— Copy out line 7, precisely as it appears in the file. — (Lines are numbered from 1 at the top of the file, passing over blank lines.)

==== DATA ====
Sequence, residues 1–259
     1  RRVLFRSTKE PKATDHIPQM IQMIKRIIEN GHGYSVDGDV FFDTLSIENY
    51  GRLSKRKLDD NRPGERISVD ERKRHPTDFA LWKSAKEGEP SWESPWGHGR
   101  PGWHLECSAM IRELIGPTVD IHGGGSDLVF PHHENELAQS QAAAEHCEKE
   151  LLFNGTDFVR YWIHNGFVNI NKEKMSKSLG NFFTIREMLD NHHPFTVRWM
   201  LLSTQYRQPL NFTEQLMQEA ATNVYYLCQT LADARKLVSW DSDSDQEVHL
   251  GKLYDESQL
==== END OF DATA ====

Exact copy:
   251  GKLYDESQL